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Originally Posted by zylo View Post
The question still remains, unanswered by Cantor, Are limits of countably infinite binary numbers countable.
The reason Cantor left this question unanswered is that it is meaningless nonsense. The set of infinite sequences of (binary) digits does, however, have a trivial bijection with the set $B$ of binary representations of real numbers $r$ such that $0 \le r \lt 1$ and it is equally trivial to show that the set of real numbers having more than one (in fact, precisely two) representations in $B$ is countably infinite (namely those that have a terminating representation which are thus a subset of the rational numbers). Thus, the set $B$ consists of the union of a set having a bijection to real numbers $r$ such that $0 \le r \lt 1$ and a set having a bijection to a subset of the rational numbers. If the first of these were countably infinite, we'd have $B$ being the union of two distinct countably infinite subsets which would mean that $B$ would also be countably infinite. Since it isn't, the set of real numbers $r$ such that $0 \le r \lt 1$ must not be countably infinite either.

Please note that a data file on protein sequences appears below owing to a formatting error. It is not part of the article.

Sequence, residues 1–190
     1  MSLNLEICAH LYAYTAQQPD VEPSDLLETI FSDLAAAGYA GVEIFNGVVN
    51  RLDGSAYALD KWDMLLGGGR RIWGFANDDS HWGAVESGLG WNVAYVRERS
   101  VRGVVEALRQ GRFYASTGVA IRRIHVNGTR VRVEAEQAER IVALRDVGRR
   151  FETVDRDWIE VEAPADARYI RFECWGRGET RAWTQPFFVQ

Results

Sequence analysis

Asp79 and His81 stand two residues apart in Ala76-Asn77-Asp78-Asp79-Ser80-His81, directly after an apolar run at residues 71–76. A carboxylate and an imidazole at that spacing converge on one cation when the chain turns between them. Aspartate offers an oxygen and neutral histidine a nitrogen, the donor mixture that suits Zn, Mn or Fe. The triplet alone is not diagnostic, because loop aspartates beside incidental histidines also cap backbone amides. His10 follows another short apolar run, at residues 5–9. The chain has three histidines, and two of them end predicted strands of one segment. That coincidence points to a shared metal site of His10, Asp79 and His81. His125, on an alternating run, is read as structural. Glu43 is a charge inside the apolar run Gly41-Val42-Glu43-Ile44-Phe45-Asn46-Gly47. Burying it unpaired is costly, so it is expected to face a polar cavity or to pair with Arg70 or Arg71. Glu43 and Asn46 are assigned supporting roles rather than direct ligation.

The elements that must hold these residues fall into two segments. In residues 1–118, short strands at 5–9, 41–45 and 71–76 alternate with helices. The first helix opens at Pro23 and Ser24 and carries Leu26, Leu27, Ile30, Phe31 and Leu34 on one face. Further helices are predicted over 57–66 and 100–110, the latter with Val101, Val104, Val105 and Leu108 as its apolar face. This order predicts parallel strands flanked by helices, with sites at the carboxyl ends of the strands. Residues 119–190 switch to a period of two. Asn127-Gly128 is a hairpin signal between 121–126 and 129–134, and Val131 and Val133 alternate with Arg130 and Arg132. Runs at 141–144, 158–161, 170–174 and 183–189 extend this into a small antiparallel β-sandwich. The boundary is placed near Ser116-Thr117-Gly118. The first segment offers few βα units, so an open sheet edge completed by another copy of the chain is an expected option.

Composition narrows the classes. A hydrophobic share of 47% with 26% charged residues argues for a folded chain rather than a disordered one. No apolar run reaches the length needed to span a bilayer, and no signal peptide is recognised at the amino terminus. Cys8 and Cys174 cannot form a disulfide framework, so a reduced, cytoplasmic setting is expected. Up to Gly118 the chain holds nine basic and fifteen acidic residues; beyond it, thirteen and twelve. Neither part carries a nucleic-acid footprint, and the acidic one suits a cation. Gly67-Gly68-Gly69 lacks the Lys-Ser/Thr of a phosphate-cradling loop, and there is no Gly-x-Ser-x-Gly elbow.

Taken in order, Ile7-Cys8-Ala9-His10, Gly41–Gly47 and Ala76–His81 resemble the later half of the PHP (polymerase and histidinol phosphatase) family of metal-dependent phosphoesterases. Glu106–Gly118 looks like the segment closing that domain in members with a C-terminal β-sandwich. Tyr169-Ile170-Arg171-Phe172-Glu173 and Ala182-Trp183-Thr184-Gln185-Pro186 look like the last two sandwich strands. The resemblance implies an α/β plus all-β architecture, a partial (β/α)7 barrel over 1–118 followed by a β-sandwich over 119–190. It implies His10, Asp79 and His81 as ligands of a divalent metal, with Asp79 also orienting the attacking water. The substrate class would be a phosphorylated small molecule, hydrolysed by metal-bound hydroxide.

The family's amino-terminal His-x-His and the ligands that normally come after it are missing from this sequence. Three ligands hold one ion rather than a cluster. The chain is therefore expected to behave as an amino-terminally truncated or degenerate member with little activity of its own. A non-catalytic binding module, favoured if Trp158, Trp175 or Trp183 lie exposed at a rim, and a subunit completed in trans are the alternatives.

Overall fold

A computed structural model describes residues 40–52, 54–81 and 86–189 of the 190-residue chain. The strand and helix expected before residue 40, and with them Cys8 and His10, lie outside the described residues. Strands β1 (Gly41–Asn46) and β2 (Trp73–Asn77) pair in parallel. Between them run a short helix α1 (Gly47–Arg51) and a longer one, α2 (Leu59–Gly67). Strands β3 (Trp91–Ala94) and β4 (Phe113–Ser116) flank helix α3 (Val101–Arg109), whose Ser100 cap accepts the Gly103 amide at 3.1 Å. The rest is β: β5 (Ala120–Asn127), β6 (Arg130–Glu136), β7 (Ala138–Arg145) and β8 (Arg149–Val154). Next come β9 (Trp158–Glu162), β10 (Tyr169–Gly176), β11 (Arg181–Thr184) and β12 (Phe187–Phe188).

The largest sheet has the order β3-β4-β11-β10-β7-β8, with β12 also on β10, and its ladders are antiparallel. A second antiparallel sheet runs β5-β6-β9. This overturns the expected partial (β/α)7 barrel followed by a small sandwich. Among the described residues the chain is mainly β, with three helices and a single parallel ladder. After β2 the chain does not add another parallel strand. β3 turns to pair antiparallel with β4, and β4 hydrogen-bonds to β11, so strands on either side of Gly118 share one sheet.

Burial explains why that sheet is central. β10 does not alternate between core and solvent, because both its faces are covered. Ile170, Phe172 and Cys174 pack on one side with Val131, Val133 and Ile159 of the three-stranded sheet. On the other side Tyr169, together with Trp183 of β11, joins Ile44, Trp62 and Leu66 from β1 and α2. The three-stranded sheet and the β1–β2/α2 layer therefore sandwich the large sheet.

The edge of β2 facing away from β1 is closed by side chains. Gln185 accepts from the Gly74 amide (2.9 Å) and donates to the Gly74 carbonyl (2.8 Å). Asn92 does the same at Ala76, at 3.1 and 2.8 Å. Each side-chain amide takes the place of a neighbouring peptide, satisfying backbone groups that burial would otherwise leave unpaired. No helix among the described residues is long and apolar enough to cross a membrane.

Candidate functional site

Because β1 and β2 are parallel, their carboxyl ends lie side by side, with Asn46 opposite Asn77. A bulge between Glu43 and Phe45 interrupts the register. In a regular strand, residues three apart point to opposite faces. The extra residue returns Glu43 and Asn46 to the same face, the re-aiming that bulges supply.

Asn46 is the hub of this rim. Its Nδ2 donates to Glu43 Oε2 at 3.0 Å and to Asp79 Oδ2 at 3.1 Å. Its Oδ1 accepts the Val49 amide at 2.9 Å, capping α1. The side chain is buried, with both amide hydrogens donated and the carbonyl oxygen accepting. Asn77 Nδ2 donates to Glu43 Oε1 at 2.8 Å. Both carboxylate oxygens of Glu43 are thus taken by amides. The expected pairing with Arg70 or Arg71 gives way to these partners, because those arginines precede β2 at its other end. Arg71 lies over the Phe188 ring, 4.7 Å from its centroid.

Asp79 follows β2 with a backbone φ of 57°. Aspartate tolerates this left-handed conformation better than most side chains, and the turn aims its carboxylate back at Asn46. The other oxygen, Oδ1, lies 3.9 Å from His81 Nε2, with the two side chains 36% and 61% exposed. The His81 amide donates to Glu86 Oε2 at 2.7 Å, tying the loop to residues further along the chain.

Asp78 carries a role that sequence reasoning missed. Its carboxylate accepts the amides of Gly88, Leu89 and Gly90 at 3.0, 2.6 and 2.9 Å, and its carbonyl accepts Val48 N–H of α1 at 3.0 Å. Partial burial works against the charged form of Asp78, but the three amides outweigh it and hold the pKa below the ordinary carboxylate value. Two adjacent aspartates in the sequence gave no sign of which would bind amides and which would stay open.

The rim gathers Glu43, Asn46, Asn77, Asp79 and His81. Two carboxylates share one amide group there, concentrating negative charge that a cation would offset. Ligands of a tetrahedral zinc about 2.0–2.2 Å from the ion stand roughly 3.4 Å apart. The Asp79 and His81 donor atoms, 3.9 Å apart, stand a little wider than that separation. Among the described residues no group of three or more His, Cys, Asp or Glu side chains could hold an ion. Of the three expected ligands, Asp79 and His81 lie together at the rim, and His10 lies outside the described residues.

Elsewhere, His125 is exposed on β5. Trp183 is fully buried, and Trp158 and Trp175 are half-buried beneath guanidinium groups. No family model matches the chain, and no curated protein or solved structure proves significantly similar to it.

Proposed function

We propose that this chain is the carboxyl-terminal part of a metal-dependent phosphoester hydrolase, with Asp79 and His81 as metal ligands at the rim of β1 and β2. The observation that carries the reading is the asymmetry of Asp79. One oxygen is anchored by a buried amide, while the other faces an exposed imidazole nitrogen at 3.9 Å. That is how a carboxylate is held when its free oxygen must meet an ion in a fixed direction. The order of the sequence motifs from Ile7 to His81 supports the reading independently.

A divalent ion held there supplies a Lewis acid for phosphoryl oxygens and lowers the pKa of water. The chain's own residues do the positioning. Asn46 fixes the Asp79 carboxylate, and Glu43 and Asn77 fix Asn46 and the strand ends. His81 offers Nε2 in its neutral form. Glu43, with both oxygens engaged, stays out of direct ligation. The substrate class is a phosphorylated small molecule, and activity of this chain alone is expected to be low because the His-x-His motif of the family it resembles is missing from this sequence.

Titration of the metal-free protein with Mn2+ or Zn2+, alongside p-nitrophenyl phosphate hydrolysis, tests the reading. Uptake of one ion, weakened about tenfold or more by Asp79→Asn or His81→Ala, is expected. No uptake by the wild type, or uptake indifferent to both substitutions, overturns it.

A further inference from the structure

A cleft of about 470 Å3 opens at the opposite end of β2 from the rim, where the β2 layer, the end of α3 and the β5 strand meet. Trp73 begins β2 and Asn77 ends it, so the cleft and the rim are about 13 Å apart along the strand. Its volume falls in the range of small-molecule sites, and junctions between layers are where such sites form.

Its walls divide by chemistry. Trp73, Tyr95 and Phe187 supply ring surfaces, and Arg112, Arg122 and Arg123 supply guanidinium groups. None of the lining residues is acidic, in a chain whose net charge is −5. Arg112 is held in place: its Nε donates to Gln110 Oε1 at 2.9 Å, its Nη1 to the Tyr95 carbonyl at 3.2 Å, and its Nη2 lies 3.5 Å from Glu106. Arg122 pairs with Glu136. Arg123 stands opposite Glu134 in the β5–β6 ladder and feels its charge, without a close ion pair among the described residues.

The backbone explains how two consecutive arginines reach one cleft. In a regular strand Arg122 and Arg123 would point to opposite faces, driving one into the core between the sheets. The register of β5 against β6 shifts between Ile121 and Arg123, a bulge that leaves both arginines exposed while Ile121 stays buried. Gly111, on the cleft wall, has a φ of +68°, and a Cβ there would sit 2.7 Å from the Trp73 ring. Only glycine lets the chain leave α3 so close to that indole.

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Countably infinite binary digits are natural numbers.
This is more nonsense. Unfortunately, it can't be rescued: it's just wrong. It's a product of your complete lack of understanding of the subject and your utter refusal to learn anything about it.

Quote:
Originally Posted by zylo View Post
101101..... , n digits, is a natural number for all n. There is not an "infinite" binary digit, so Cantors set of "infinite" binary digits is meaningless right off the bat.